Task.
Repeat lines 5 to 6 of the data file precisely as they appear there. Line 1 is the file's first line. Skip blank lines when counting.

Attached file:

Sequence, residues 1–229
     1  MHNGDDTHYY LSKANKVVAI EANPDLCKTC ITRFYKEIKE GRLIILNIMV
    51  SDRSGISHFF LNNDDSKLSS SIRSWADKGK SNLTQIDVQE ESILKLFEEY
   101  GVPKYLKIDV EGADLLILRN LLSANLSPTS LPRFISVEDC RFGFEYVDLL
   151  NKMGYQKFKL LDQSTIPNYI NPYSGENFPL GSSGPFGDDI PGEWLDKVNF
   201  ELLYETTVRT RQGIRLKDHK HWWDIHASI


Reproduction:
   151  NKMGYQKFKL LDQSTIPNYI NPYSGENFPL GSSGPFGDDI PGEWLDKVNF
   201  ELLYETTVRT RQGIRLKDHK HWWDIHASI